Author: Siobhan Dowd
Publication Date: 10/13/09
Publisher: David Fickling Books
Blurb(GR): Holly’s story will leave a lasting impression on all who travel with her.
Memories of mum are the only thing that make Holly Hogan happy. She hates her foster family with their too-nice ways and their false sympathy. And she hates her life, her stupid school, and the way everyone is always on at her. Then she finds the wig, and everything changes. Wearing the long, flowing blond locks she feels transformed. She’s not Holly anymore, she’s Solace: the girl with the slinkster walk and the supersharp talk. She’s older, more confident—the kind of girl who can walk right out of her humdrum life, hitch to Ireland, and find her mum. The kind of girl who can face the world head-on.
So begins a bittersweet and sometimes hilarious journey as Solace swaggers and Holly tiptoes across England and through memory, discovering her true self and unlocking the secrets of her past.
This book is beautifully written, emotionally honest, and kept me riveted through many hot, humid, should-have-been-unbearable walks. I loved so many things about it and I would recommend it in a heartbeat. Unfortunately I think this is just one of those cases of “it’s not you, it’s me.”
This is a very quiet, understated story that is nonetheless powerful. Holly is a “care-babe” – raised in the foster care system in England ever since she and her mam got separated when she was very young and her mam headed back to Ireland, where she was born. Holly eventually finds herself in a group home, where she spends several years gaining a small measure of stability with a couple of older, troublemaking pals and her social worker. Everything starts changing when her social worker announces that he’s leaving for another job and Holly is offered a foster placement with a well-off do-gooders Ray and Fiona. Stifled by her new environment and betrayed by every adult she’s ever counted on, Holly longs to run away to Ireland and find her mam again. When she discovers an ash blond wig in her foster mother’s things, she puts it on and suddenly becomes someone else – Solace. Solace is older, confident, and brave. Solace is a survivor, and she’s ready to head out into the world on her own. So she does.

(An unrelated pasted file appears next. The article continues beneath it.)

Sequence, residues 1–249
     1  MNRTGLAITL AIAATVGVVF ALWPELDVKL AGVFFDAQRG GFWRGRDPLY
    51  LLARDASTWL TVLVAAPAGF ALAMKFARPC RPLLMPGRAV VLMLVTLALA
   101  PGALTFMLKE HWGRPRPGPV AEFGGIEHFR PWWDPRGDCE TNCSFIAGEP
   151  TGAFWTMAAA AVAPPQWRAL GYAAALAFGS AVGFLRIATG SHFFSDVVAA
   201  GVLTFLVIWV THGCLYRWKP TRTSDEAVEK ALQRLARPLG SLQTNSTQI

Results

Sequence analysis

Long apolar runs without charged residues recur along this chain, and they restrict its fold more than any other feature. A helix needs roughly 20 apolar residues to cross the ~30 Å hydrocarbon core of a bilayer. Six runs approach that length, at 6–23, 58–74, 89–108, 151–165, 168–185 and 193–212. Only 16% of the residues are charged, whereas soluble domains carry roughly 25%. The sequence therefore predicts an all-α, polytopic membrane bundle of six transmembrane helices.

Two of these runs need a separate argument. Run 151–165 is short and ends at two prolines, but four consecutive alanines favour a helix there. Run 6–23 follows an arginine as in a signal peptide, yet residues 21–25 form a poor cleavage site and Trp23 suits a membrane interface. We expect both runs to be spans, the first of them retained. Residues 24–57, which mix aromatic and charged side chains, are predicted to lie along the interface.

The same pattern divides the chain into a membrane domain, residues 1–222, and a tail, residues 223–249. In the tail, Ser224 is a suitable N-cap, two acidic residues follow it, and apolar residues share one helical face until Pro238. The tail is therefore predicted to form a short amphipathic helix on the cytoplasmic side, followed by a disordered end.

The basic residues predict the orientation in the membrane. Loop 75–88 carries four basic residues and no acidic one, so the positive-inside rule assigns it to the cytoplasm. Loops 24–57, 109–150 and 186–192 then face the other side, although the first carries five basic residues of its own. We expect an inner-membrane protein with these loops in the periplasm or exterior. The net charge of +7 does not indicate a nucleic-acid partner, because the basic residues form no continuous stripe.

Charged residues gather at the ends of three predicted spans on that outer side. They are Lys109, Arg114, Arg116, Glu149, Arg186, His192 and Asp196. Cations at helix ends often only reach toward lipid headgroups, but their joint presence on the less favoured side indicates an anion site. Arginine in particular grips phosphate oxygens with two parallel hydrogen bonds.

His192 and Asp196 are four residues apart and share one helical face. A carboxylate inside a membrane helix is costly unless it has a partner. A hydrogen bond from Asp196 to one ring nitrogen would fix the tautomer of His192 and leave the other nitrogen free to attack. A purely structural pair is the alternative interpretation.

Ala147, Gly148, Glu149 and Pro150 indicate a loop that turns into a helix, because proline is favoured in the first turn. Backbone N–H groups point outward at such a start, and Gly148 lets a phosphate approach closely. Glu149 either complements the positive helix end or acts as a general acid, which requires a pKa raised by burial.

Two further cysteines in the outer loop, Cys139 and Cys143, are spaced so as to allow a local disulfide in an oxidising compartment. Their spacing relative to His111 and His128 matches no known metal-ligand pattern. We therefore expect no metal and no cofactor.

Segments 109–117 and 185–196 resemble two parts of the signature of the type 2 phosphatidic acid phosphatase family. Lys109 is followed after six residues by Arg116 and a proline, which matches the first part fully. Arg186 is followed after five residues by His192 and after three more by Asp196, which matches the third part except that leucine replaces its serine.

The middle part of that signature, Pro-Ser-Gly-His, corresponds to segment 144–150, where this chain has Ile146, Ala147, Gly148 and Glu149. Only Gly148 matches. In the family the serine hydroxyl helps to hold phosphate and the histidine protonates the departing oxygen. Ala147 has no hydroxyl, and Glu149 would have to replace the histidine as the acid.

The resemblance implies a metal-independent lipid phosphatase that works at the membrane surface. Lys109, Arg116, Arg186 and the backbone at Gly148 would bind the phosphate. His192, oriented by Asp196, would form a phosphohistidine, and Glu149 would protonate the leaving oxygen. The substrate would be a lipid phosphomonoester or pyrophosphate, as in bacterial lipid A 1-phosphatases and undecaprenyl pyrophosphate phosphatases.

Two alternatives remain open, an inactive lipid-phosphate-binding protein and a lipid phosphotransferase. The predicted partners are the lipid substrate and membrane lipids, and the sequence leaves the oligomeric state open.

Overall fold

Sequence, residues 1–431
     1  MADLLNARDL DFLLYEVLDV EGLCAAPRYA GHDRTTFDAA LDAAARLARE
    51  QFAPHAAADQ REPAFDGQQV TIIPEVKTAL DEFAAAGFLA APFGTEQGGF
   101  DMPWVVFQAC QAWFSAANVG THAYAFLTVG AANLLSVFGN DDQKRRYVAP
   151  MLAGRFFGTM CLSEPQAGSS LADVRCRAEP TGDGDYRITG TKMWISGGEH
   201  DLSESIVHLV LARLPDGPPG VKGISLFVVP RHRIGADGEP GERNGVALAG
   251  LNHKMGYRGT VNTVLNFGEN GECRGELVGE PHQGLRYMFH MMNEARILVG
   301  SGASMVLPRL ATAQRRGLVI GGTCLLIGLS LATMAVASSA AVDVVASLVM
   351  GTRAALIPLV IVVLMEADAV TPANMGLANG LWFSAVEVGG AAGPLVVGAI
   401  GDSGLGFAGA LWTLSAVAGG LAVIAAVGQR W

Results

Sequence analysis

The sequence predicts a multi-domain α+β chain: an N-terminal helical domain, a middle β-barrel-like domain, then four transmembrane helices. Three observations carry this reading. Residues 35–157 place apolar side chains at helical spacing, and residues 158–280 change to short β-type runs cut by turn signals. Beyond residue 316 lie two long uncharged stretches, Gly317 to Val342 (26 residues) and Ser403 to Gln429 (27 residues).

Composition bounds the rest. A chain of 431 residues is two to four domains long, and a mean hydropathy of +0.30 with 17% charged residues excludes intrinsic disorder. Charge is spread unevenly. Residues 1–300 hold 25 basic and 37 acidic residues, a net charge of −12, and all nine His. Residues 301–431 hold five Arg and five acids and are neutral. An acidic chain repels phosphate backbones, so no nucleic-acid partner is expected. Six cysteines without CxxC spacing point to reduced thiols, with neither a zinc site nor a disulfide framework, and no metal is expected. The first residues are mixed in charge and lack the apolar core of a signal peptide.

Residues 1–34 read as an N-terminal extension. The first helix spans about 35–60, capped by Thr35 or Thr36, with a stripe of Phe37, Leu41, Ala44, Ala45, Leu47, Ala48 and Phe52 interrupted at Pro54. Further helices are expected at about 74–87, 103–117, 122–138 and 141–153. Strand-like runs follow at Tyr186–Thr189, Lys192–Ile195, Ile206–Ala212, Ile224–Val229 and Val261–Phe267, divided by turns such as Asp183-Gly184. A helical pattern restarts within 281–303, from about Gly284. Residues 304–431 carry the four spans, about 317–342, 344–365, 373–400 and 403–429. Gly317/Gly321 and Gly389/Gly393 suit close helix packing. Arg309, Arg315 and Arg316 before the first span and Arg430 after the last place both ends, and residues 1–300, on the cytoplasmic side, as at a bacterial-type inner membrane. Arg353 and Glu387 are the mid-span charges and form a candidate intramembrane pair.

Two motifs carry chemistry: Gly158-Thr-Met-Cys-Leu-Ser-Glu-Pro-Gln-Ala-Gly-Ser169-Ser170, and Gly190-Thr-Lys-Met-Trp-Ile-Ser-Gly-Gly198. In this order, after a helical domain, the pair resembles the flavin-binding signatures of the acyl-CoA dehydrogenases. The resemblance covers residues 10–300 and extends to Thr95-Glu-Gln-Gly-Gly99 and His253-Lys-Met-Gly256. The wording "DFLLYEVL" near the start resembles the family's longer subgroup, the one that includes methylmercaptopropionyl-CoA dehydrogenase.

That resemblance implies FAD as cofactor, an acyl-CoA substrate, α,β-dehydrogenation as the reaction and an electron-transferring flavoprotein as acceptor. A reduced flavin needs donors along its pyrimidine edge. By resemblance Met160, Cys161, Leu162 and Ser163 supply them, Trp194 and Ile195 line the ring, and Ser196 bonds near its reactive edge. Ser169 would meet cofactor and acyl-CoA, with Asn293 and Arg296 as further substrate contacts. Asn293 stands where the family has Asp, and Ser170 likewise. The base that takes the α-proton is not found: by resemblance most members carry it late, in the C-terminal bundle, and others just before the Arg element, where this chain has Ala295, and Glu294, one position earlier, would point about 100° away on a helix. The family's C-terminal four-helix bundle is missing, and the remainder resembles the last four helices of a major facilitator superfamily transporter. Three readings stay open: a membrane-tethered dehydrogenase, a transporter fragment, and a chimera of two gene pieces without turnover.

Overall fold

“I was Solace the Unstoppable, the smooth-walking, sharp-talking glamour girl, and I was walking into a red sky, ready to hitch a ride. I was crossing the sea and landing in Ireland. I was walking up a hill to meet my mam, breathing in the morning air by the pint.”
This book travels the roads of parental abandonment with unflinching honesty. I felt so much for Holly, who reveals just as much when she’s lying to everyone she meets as she does when she’s finally admitting the painful truths to herself. I felt such a mixture of heartbreak and pride for this fourteen year old girl, who has the strength to conjure up an unstoppable slim-slam glamour girl to get herself through, but who understandably has a hard time setting Solace aside and letting her own hurts come to the surface. I think that Siobhan Dowd did such an amazing job of showing how these coping mechanisms, which are so necessary sometimes, can also become our worst enemies.
However, this book did feel a bit too young and rosy-hued for me. While the inner-mom in me was so thankful and relieved when Holly found the help that she needed and avoided getting seriously hurt on the road, the inner realist in me was nay-saying for the entire journey. While I wish that every teenage girl runaway out there would happen upon kind night-nurses, vegan truckers, and sweet LOTR-obsessed biker boys, I think the truth is often far worse.
But, I think that this book was written with a younger audience in mind and I did appreciate its very hopeful message. I think I only have one real criticism: I wish this book had ended about twenty pages sooner. The decision that Holly makes on the boat is momentous enough on its own; ending the story right there would have given this story so much more of a punch. I know that some readers love epilogues (and epilogue-style endings) – they love to see things get wrapped up and find out what happened to this character and that character and so forth. But for me, in general, epilogues seem to only diminish the power of the story itself. I’d much prefer to be left wondering about and imagining my own follow-ups, especially when the ones given are so neat and pretty and unrealistic. Holly’s journey and eventual realizations were more powerful for me on their own.
Perfect Musical Pairing
The Head And The Heart – Rivers and Roads